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In cognitive science, there is an ongoing debate about the architecture of the mind: does it consist of a number of mental “organs” each managing a different function in isolation, or is it more of general processor, adaptable to a wide range of tasks? One corner of this debate has centered on face processing. This is because face-perception is crucial to normal human functioning and some evidence shows that faces may be processed by the brain in a privileged way compared to other types of stimuli. For example, in EEG brain recordings, the N170 is a characteristic signal that occurs after a participant is exposed to an image of a face, but it is much less pronounced when other stimuli are shown. More than 15 years of research on the “N170 face effect” have yielded the standard view that the N170 is at the very least face-sensitive, and possibly even face-specific, that is, indexing modular processes tied exclusively to facial geometries. The specificity claim is clearly stronger, and hence subject to significant controversy; while the more conservative “sensitivity” claim had been regarded (until recently) as effectively settled. Nevertheless, Thierry and colleagues, in a contentious 2007 article, sought to undermine even this ‘conservative’ consensus: they argued that the apparent face-responsiveness of the N170 in prior research was due to systematic flaws in experimental design. Fiery debate has followed. In this review, we put the debate in its historical and philosophical context, and try to spell out some of the theoretical and logical assumptions that underlie the claims of the competing camps. We then show that the best available evidence counts, at least partially, against the Thierry et al. construal of the N170. Accordingly, it would be premature to abandon the “conservative” account of the N170, according to which it is— minimally—responsive to faces. We conclude by returning to the more controversial claim about face-specificity, and try to clarify what such a view would entail from a theoretical standpoint.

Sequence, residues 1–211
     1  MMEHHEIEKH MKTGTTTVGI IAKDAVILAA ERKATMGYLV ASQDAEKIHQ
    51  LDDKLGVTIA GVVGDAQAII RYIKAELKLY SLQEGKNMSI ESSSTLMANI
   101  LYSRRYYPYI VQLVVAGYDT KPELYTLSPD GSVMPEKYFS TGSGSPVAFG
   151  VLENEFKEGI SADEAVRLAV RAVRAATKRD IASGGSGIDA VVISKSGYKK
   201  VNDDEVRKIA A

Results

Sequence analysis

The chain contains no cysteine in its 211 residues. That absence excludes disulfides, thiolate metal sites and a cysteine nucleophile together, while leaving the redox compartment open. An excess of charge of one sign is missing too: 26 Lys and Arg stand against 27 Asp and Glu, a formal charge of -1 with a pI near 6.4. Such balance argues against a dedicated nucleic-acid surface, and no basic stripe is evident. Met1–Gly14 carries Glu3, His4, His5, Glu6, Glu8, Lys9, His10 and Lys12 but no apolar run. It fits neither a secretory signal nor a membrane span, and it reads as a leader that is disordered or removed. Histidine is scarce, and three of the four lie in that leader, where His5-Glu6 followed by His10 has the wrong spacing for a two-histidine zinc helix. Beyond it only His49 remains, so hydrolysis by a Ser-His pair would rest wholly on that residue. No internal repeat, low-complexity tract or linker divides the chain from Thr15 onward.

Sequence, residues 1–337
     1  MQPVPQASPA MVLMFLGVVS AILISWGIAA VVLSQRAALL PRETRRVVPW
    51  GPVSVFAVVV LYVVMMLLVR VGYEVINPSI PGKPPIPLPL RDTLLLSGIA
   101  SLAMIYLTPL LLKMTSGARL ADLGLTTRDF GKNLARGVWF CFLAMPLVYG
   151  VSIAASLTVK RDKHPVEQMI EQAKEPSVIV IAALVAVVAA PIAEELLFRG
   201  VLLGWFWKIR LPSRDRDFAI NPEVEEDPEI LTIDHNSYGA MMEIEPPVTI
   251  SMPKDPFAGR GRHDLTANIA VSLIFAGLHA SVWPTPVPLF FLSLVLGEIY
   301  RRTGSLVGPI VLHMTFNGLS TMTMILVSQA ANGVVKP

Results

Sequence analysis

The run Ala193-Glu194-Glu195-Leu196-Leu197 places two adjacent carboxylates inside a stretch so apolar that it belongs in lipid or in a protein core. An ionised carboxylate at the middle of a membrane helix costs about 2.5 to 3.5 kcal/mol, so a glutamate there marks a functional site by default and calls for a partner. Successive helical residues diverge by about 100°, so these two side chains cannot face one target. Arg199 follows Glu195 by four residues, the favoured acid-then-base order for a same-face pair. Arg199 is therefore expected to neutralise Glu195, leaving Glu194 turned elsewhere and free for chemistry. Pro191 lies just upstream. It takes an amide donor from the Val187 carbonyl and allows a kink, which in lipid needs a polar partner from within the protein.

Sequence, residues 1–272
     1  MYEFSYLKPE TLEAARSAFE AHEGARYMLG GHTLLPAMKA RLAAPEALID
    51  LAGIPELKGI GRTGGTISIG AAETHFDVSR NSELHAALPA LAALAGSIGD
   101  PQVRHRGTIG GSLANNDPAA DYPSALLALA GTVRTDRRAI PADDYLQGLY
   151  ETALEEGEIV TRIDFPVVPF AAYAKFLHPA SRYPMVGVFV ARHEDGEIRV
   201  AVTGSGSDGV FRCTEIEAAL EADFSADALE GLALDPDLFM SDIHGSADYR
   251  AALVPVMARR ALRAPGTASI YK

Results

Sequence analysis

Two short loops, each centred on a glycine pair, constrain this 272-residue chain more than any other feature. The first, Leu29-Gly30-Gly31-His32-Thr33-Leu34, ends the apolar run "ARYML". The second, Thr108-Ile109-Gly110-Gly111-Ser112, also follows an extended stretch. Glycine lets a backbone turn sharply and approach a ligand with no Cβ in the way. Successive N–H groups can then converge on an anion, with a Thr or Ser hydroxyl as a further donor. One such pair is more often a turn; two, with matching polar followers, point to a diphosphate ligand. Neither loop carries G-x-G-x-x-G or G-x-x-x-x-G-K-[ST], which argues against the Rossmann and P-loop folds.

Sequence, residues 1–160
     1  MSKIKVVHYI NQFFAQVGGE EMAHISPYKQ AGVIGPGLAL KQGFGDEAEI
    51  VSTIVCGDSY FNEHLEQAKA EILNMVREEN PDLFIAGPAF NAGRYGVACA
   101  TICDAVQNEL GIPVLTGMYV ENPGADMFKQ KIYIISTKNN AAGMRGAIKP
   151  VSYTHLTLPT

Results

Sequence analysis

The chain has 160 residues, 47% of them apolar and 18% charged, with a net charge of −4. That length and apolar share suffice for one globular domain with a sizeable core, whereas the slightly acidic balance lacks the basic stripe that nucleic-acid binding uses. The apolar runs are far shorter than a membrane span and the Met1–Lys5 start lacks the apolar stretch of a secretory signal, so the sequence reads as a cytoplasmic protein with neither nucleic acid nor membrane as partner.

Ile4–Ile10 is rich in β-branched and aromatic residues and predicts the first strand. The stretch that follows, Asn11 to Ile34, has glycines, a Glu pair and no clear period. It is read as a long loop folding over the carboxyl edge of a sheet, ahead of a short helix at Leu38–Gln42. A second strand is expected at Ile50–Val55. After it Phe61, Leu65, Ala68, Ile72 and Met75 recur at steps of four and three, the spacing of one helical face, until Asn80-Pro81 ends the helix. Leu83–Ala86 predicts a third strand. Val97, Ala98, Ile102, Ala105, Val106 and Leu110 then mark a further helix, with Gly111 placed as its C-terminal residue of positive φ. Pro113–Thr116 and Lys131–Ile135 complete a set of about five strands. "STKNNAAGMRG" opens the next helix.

Original publication




Journal article


Neuropsychological Trends

Publication Date



7 - 26